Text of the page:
. . . . . . . . . . . . . . . . . . . . . . . . . . . . . . . . . . . . . . . . . . . . . . . . . . . . . . . . . . . . . . . . . . . . . . . . . . . . . . . . . . . . . . . . . .

8-21-RDBGParticularly within the current climate of the oil and gas industry, communities like Artesia have been further reminded of the vital role the trade plays not only in the local economy but quality of life, as well.

It’s this fact Artesians are invited to celebrate Saturday, Aug. 27, at the Artesia Arts & Cultural District’s Second Annual Red Dirt Black Gold Festival.

Once again, the event organized in 2015 to pay tribute to the community’s industrial roots will feature an oilfield equipment parade, Olympic-style competition, a cook-off, and plenty of music to add to the festival atmosphere.

The day will kick off at 9 a.m. with the parade, which heads east on Main Street from Bulldog Bowl all the way to First Street, where it will turn left and end on Mahone Drive along Eagle Draw. There, a new feature of the festival will allow parade-goers an up-close-and-personal look at the machinery.

“After last year’s parade, we had some people saying, ‘That’s a really cool piece of equipment, I wonder what it does,’” said Elisabeth Jackson, executive director of Artesia MainStreet. “We’re going to have all the equipment in the parade staged at Eagle Draw immediately following the parade for an Oilfield Equipment Education Hour.

“The equipment will be parked between Seventh and Roselawn, and there will be some employees stationed with each piece so people can walk over there and ask questions if they want, and just learn a little more about what each of those things actually does.”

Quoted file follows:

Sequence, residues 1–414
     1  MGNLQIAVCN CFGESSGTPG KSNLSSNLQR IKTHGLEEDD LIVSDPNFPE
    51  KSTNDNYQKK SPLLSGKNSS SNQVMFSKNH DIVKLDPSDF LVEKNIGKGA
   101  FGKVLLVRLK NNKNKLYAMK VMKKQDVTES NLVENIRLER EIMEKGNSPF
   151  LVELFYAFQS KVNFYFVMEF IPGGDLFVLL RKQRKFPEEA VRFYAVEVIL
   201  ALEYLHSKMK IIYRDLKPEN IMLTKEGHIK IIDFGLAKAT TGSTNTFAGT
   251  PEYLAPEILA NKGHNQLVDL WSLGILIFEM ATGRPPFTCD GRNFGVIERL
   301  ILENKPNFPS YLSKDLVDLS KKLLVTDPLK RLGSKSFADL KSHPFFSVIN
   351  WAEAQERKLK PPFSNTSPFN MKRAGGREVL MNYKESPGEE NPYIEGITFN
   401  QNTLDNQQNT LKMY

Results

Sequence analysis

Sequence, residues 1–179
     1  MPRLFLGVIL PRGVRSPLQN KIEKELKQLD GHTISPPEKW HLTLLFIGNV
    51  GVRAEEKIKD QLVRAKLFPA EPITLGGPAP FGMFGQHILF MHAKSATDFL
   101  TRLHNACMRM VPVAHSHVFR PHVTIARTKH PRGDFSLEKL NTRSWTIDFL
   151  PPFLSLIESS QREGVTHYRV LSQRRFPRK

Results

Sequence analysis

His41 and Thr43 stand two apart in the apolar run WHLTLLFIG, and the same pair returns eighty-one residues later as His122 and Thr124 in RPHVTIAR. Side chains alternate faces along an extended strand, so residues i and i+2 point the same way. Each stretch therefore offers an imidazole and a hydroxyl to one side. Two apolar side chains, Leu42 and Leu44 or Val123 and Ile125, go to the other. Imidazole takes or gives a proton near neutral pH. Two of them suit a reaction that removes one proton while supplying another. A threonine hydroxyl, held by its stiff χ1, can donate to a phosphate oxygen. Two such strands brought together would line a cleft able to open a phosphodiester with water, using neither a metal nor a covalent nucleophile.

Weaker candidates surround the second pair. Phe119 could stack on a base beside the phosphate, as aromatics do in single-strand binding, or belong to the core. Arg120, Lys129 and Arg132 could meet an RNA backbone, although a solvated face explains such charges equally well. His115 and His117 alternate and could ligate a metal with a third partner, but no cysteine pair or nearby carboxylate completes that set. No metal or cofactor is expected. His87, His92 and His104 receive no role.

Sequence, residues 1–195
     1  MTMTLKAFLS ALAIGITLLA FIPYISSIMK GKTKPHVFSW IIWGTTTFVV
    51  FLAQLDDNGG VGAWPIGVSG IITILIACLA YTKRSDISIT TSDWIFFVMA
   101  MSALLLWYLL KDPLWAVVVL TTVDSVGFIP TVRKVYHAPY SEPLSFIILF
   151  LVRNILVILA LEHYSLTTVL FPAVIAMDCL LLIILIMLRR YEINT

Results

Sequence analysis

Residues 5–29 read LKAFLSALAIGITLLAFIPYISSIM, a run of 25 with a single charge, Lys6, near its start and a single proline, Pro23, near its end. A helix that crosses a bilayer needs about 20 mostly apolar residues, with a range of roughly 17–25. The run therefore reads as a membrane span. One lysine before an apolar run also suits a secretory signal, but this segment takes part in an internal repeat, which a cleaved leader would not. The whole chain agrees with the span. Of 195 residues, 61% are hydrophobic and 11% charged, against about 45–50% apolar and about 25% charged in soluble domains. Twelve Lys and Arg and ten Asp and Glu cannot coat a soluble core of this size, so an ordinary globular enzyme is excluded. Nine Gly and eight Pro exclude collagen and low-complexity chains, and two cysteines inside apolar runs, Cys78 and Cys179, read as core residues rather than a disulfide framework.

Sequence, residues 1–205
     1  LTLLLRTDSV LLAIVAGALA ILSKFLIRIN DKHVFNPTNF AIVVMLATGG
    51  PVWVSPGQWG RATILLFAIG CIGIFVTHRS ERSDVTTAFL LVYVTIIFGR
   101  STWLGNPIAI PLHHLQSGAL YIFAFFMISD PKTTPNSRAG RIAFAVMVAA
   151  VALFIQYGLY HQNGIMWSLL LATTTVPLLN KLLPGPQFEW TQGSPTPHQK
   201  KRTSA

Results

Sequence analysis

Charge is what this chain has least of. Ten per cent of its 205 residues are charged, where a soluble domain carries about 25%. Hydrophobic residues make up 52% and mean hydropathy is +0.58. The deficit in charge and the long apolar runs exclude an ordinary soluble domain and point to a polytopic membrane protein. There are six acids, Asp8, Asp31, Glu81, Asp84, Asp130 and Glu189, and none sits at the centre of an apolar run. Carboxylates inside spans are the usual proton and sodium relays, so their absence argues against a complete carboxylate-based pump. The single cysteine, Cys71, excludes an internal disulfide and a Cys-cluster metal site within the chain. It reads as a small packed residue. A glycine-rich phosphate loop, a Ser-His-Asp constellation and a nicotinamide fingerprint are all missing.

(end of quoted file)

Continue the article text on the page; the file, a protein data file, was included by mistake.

Also at 9 a.m. along Eagle Draw between Seventh Street and Roselawn Avenue will be the Oilfield Olympics, in which teams can test their mettle in a variety of oilfield-task-related events.

The Oilfield Cook-Off will begin offering up tantalizing grilled treats at 1 p.m. in Heritage Plaza.

Most oilfield businesses have learned to prepare in-the-field feasts for their employees out of necessity, due to their locations far away from any restaurants. That’s led to some serious skills, and the public will be able to purchase food while the companies compete for bragging rights.

The “Red Dirt” portion of the event, named for a folk, country, bluegrass and Southern rock genre of music originating in Oklahoma, begins at 3:30 p.m. in Heritage Plaza with a string of free concerts.

First on the docket is the Cody Bryan Band, which has grown from its Austin, Texas, roots to making a name for itself throughout the region. Emerging country singer-songwriter John Baumann will perform at 5 p.m., followed by Texas honky-tonk firebrand Sunny Sweeney at 6:30 p.m. Alabama country singer-songwriter Adam Hood and Jason Eady, a Jackson, Miss., native with deep roots in the blues, soul and swamp rock, will perform at 8 p.m. as part of their Southern Brothers tour.

At 10 p.m., Cody Canada and the Departed, featuring former Cross Canadian Ragweed singer Cody Canada, will take the stage to entertain crowds with their blend of country and rock.

Additional information on all events, including application forms for the Oilfield Equipment Parade, Oilfield Olympics and Oilfield Cook-Off, can be found online at www.artesiaacd.com.

“We were so happy about the success of the event last year that we’re really excited to bring back Red Dirt Black Gold for the second annual year,” said Jackson. “It’s really going to be a family-friendly event, and we just want people to bring the kids, come out, hear some great music, eat some good food, and just celebrate the oil and gas industry and its impact on Artesia.”